Mitt Romney's Running Mate: Meet the Candidates

Given the ramifications of Election 2012 on the markets and the economy, it's time to evaluate the potential candidates to become Mitt Romney's running mate.

As we approach the summer political conventions, curiosity is escalating over who will join Mitt Romney in seeking the White House. But the most obvious names and faces aren't necessarily the most likely choices.

Five favorites for Romney's running mate have emerged, but few of them deliver what Republicans ideally want in a vice president.

Here's a look at the current favorites, the dark horse candidates, and the candidates most likely to turn down the job despite their impressive resumes.

Mitt Romney's Running Mate in Election 2012: The Current Favorites

1. Ohio Senator Rob Portman

Voters outside of Ohio don't really know this junior senator from this quintessential swing state. But, just in case you didn't know, Ohio and its 18 electoral votes will surely be up for grabs this fall. And that has Republicans buzzing about Portman and his electability.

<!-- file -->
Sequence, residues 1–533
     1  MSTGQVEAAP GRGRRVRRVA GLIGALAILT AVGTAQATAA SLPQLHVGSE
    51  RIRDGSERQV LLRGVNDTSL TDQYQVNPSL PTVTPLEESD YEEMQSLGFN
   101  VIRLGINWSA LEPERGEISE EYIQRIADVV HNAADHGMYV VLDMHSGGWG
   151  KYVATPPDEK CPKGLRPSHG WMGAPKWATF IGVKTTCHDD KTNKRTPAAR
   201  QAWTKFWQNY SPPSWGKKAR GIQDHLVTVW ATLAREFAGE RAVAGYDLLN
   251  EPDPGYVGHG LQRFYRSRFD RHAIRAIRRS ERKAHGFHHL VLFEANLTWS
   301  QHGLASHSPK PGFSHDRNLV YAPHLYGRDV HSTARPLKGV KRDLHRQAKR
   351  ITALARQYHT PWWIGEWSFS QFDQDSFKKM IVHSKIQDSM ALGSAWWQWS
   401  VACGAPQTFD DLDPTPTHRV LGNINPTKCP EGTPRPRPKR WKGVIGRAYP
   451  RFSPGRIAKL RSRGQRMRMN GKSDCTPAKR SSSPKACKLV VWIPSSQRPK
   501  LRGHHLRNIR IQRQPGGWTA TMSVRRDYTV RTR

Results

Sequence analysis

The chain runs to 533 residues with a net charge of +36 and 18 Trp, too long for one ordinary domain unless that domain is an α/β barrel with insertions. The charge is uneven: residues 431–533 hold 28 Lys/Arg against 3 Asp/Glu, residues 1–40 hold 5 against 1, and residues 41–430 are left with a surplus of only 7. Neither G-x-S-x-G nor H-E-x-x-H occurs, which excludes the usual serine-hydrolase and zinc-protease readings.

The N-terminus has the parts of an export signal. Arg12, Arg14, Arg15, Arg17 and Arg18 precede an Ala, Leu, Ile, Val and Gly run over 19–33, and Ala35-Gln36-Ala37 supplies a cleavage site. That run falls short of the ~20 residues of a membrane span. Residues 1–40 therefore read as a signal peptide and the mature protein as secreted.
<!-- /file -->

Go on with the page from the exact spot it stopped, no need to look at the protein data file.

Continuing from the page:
Portman provides popularity in the Midwestern trenches, where it will certainly be a dogfight up until Nov. 6. As an Ohio Congressman, Portman consistently won his southern Ohio House district with at least 70% of the vote. In his 2010 senate campaign, he won 57% of the vote and carried a staggering 82 of his state's 88 counties.

Portman also has received commendation for executive experience and time in Washington on his resume, having served George W. Bush as budget director.

Still, this executive experience could be his biggest weakness. Portman presided over then-record deficits during the Bush years, which doesn't mesh well with the GOP message of reducing government spending. Nonetheless, Portman provides political cover and popularity in a crucial swing state.

The only glaring downside for the Republicans would be that his departure from the Senate could lead to the party losing a critical spot come 2016 when Portman's seat is up for reelection.